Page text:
Sidney Poitier’s Legacy – Film Scenes – Review

(Sydney, USA, CAN, 2022)

  • Genre: Documentary
  • Direction: Reginald Hudlin
  • Road map: Jesse James Miller
  • Duration: 110 minutes

I am absolutely certain that my first contact with Sidney Poitier was in To the master, with love. Through my mother, who was in love with this man, I had access to the film that is the father of so many films, about “teachers who tame rebellious and misfit classes, becoming an example”. Poitier, then, in my childhood, was the ultimate symbol of the captivating sweetness, the immeasurable energy, the haughtiness that I actually saw in front of a group; he was the ultimate symbol of what a teacher should represent, and the respect we should have for a Master. Over the years, the arrival of cinephilia, the study of cinema and the eventual work as a critic, this man dressed up as a myth in my eyes, which he always was. Sidney Poitier’s Legacy has just been released on Apple+ and is trying to make up for the huge debt that Cinema has contracted with a deity like him.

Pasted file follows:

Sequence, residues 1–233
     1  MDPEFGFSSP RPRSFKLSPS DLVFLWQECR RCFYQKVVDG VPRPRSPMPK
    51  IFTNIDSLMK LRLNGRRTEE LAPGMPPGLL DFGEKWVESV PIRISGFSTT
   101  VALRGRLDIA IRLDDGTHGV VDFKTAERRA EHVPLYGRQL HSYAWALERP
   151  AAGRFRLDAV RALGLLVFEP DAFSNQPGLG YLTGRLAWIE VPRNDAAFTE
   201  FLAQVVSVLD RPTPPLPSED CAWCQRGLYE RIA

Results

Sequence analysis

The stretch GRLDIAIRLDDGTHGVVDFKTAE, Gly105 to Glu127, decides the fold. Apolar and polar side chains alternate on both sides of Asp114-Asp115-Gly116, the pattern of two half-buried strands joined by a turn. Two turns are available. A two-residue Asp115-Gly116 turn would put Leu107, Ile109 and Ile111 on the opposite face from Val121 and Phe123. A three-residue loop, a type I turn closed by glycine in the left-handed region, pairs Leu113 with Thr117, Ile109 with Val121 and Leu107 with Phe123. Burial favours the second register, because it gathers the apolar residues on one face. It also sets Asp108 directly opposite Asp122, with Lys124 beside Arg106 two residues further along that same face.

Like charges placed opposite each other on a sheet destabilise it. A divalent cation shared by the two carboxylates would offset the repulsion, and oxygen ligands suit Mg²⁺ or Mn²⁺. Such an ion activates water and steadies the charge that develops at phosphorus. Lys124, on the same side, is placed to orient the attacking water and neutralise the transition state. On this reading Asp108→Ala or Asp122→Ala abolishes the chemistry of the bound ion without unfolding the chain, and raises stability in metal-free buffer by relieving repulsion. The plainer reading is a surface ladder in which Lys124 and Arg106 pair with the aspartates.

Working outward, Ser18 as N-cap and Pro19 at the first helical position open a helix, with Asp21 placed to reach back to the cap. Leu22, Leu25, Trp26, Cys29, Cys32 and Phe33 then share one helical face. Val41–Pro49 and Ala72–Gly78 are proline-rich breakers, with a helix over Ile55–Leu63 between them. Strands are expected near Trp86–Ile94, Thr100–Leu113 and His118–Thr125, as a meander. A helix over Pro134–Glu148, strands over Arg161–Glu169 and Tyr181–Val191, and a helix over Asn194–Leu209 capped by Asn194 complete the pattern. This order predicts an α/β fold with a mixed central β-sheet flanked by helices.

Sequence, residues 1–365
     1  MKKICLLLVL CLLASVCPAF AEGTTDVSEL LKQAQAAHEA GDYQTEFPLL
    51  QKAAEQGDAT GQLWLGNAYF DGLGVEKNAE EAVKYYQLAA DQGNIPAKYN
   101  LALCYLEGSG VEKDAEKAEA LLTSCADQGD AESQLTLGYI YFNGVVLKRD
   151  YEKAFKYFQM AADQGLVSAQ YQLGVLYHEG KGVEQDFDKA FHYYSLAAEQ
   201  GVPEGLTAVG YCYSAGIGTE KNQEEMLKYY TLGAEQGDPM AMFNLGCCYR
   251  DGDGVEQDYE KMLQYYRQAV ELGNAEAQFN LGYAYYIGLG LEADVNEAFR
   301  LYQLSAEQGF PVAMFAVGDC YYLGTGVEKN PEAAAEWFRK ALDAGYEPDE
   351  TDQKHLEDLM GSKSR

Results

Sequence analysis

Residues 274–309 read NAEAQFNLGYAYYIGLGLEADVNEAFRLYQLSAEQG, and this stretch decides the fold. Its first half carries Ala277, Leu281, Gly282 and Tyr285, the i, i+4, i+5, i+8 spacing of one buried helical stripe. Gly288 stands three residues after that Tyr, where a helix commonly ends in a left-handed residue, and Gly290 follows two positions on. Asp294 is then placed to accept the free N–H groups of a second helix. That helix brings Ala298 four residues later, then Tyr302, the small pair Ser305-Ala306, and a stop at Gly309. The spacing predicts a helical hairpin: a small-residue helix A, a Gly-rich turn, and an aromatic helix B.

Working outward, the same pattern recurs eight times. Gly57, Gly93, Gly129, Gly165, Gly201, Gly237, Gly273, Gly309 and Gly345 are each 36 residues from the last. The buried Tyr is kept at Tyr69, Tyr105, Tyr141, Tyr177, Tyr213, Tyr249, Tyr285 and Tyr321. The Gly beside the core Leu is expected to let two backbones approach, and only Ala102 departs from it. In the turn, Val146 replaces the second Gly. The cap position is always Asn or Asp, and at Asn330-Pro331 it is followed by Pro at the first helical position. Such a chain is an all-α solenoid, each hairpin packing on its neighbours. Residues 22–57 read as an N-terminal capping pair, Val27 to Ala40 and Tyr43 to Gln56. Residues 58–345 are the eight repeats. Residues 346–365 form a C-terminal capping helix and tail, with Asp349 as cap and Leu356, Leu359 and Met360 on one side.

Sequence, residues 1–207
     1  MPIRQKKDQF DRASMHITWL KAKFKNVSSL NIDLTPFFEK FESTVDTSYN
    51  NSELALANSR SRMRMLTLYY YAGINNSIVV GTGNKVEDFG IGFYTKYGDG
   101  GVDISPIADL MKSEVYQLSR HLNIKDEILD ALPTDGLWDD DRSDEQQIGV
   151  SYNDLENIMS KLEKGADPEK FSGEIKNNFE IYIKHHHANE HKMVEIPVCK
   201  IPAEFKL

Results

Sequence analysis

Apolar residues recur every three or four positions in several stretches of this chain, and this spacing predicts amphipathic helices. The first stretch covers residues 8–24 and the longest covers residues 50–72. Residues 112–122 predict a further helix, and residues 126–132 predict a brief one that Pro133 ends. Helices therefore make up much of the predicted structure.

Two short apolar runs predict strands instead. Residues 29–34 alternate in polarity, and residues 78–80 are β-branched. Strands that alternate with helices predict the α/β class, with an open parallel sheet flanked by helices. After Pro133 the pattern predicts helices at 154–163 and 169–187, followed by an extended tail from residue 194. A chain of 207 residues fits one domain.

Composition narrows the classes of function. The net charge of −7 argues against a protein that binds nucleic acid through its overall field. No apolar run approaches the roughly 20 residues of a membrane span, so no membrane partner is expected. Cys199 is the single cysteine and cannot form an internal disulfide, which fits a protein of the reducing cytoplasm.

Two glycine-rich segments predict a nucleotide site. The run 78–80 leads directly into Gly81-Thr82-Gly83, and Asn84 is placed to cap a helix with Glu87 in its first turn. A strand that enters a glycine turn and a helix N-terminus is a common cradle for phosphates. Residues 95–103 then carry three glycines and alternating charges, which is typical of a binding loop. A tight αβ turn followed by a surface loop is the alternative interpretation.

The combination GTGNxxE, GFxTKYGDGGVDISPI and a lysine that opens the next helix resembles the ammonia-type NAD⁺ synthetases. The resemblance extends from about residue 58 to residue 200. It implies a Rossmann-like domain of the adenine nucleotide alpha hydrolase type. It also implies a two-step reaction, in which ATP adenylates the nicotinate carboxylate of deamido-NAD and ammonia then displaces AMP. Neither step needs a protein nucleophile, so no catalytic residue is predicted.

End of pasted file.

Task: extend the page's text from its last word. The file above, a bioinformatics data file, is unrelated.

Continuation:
Because Poitier revolutionized the world, simple as that. What was the world for a black actor before him? Hattie McDaniel’s Oscar for …Gone with the Wind it only showed what happened to black and white actors and actresses who preceded him. Condemned to play funny characters that stereotyped them, always as supporting actors for white people who subordinated them, a force of nature the size of Poitier was necessary so that supporting actors in the documentary in his honor could emerge. The path towards the revolution perpetrated by this man was not conducted to the point of being noticed in the midst of so much around him. However, Poitier was not lacking in the awareness that the path ahead of him was being paved, and that the future would be made up of layers formed both by transformations and by the awareness of the new, in many ways.